The following quotes about the pregnancy of Mary are from Cardinal Pierre De Berulle, ( 1575 – 1629) who founded the French school of Spirituality. St. Vincent de Paul said of him: “He is one of the most saintly priests I have known”

“The period of this mystery invites us to reflect carefully on it often. For it is the period when he is and will be nine months in the Virgin…He is in her as in a temple where he praises and adores God; where he offers his respects to the eternal Father, not only for Himself but for every creature.”

“He wished to share the mystery of the Incarnation with her, by drawing forth from her this body with which he is clothed and by willing that, as his mother, she was involved through her cooperation in this work, which is incomparably greater than the creation of the world.”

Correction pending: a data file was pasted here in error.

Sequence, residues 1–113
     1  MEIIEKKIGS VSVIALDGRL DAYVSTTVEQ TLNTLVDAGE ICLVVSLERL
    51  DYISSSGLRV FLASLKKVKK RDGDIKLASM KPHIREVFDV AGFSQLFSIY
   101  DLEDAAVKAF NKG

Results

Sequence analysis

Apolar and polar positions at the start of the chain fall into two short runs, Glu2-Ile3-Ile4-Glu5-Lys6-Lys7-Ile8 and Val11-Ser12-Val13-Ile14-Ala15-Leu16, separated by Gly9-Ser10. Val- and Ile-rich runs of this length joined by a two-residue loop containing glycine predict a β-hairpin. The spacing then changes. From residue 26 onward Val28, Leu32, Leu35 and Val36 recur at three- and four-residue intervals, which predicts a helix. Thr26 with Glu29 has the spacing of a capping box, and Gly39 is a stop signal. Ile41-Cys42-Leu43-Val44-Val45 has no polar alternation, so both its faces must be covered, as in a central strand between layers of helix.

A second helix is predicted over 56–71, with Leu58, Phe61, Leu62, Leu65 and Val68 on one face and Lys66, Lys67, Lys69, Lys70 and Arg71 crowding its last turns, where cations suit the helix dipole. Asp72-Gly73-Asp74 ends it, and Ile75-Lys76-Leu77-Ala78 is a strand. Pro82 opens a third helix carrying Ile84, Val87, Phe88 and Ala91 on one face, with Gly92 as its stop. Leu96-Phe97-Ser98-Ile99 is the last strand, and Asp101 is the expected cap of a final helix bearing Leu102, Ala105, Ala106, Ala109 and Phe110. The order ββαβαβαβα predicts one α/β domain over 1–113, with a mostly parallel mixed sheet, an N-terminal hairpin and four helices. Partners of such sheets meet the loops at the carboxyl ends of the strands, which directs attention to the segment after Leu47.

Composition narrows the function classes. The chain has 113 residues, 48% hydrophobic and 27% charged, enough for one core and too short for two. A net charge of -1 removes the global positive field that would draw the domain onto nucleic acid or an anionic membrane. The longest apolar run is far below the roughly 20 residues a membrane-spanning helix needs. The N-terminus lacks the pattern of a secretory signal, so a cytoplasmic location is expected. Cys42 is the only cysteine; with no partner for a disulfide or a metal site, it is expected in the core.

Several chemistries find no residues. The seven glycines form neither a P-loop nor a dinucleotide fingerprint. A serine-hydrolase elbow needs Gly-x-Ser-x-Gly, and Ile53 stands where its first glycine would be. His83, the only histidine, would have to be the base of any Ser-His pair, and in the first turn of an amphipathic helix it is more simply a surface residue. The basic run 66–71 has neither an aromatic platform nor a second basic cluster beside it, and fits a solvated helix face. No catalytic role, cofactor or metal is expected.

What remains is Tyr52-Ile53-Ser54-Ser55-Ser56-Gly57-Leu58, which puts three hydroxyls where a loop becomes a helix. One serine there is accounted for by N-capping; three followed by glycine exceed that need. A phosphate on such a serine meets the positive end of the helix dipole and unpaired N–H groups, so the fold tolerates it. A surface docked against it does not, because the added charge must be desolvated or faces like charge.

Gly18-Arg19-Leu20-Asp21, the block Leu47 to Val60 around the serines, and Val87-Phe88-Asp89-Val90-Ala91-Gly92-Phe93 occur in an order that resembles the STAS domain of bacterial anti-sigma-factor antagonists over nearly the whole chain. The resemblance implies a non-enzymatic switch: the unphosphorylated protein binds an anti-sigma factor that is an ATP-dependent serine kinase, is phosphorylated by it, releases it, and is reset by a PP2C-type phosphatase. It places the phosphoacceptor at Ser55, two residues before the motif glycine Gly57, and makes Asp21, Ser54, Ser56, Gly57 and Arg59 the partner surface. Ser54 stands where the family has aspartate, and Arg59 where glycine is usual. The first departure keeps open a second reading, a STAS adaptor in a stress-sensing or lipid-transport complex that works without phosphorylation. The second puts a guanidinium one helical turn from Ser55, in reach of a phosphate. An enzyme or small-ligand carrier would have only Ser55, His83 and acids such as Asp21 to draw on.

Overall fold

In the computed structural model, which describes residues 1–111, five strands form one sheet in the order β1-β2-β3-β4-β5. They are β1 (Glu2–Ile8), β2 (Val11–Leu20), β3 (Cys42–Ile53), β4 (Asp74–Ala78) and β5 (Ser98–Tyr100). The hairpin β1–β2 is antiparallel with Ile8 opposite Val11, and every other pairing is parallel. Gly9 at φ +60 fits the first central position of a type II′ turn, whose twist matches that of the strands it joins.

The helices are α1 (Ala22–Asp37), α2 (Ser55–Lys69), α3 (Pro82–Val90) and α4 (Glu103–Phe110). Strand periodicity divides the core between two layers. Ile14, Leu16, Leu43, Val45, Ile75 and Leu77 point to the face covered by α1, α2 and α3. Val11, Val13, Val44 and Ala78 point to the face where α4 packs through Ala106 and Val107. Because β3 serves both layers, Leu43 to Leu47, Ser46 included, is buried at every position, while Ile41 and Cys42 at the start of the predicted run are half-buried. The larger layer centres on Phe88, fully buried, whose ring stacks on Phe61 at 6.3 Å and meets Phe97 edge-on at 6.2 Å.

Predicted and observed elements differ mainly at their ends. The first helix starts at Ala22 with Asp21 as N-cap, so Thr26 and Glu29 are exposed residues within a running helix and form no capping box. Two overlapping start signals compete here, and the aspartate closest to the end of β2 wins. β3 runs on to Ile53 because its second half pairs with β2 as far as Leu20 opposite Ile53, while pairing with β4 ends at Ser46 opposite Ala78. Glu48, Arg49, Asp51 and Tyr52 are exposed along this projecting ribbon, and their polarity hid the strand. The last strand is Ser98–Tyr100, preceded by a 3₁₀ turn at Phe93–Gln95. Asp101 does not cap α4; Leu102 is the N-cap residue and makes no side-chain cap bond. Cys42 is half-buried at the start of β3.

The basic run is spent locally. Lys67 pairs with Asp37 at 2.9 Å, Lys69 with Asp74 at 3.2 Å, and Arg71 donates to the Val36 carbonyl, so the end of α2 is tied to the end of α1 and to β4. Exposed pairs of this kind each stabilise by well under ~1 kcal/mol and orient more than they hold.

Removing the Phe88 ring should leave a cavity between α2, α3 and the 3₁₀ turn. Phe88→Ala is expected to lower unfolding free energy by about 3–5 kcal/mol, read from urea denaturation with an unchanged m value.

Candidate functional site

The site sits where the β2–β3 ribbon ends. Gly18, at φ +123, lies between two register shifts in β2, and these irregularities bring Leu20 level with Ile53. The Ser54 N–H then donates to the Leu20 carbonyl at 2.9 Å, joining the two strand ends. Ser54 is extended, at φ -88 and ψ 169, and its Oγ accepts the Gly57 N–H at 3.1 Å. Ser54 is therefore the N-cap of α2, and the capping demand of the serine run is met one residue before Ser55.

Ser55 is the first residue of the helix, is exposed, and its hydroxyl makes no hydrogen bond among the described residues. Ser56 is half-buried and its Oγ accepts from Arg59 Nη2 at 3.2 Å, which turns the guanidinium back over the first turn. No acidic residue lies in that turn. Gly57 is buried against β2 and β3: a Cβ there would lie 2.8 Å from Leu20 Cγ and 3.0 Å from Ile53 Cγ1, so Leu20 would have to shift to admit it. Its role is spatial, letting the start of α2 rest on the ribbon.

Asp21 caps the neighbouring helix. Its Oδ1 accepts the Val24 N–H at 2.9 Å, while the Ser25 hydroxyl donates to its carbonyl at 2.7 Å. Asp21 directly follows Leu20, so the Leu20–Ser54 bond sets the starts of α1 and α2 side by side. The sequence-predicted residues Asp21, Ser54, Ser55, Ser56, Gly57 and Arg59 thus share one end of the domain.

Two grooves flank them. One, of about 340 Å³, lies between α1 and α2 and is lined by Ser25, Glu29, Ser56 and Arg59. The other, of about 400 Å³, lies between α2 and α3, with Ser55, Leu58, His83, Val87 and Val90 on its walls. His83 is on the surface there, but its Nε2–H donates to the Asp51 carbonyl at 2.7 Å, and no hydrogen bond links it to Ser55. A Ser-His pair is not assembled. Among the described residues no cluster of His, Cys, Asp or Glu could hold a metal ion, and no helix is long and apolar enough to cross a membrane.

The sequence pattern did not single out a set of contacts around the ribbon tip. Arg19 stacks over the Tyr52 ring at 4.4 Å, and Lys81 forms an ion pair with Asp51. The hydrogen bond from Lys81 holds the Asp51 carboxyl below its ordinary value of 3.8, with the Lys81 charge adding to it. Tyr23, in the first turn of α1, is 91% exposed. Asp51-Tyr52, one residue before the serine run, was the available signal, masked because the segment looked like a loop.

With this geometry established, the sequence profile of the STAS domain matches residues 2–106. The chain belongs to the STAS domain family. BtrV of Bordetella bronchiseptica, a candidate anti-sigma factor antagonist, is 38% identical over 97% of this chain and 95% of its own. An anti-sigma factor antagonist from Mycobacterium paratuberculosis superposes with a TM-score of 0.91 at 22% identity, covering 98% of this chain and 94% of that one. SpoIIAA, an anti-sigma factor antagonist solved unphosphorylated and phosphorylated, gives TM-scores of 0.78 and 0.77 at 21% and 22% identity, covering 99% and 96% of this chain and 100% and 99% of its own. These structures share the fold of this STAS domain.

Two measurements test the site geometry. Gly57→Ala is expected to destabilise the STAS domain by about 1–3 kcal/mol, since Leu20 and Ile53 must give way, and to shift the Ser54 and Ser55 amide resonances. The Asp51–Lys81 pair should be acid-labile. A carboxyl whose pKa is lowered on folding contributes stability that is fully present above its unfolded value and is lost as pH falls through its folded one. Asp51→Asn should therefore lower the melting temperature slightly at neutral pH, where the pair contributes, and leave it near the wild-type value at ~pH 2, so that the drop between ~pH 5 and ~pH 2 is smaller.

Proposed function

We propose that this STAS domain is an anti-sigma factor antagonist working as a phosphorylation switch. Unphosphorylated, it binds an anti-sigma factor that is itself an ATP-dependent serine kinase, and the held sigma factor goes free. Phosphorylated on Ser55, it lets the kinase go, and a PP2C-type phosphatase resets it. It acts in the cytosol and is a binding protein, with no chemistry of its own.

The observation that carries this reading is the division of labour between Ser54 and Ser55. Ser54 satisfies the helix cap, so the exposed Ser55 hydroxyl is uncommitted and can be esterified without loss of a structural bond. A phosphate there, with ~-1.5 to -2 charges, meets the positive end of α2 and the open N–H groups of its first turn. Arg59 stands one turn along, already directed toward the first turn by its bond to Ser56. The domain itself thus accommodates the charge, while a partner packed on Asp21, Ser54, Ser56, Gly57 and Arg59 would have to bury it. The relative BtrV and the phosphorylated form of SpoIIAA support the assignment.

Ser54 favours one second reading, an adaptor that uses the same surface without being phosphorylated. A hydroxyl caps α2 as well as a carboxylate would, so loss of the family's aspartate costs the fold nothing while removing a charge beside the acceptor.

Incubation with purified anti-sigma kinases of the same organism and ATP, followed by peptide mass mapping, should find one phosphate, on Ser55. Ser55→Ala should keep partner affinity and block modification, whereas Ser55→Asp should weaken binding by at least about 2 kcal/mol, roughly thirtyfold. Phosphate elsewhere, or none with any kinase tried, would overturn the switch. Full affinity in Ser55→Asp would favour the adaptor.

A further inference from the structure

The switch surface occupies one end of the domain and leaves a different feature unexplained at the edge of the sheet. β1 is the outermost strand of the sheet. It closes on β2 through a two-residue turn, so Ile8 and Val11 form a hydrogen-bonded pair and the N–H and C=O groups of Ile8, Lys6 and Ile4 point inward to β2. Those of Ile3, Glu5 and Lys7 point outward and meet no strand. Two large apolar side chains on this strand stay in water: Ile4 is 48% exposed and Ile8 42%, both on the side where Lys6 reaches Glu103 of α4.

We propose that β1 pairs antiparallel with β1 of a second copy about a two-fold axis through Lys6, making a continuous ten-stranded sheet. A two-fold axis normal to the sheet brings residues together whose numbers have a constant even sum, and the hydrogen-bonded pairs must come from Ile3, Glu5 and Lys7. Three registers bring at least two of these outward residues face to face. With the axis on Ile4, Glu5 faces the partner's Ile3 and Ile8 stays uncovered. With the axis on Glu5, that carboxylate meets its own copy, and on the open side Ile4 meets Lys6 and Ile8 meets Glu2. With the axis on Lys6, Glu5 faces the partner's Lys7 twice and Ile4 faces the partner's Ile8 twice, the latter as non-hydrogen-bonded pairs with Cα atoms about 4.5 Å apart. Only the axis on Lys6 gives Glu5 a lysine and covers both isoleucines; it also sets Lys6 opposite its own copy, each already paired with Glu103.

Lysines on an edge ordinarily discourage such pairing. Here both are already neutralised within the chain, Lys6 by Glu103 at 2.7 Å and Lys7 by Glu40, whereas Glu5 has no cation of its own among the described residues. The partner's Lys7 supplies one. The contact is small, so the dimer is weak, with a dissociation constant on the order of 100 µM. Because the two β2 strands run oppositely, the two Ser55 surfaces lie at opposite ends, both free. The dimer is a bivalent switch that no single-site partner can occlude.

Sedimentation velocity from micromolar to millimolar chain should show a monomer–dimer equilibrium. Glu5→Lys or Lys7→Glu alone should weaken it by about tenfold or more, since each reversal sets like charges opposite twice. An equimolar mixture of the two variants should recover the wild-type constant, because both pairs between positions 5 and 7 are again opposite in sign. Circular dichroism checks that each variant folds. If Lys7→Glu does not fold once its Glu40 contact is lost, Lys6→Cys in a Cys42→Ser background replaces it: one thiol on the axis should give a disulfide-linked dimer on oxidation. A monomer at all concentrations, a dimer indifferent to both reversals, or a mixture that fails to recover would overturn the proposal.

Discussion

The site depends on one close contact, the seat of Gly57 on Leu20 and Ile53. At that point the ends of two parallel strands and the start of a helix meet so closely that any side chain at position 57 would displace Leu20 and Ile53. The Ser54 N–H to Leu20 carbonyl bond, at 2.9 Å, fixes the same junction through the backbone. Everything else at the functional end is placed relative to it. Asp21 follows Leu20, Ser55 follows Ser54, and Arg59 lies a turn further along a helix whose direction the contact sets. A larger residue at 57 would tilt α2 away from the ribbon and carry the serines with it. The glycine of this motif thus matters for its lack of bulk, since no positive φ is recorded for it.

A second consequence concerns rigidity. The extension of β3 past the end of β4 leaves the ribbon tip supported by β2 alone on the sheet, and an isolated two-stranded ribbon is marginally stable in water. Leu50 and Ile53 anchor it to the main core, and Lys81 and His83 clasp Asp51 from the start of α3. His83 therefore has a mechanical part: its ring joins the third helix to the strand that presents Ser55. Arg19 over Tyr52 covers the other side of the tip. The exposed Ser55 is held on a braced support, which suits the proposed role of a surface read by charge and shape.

This third quote from De Berulle was of interest to me because I had never thought about Mary being the first one to know about and experience the IncarnationThe Messiah, (her people had longed for his coming for centuries) had just come into the worldShe realized that God Himself was the Messiah and she carried Him in her womb. De Berulle explains what she must have thought and how she must have felt:

“The Virgin is involved with Jesus and she is the only one in the whole world involved with Jesus. Thus she is the only one in the whole world adoring the mystery of the Incarnation, which was brought about on earth for the earth but unknown to the earth. She is the only one adoring Jesus. The more that she is the only one captivated by such a great subject, the greater is her involvement. She is devoted to it with all her faculties. All her senses are brought to bear on it, for it is a tangible mystery and tangible within her. All her senses should pay homage to her God made tangible for human nature. Her whole mind is concentrated on it. And the Spirit of Jesus, which enlivens this little divinized body, enlivens the spirit and body of the Virgin as well, through grace, love and a holy, gentle influence.”

“The shape that the slime of the earth was given was intended with a view to Christ, the future man.”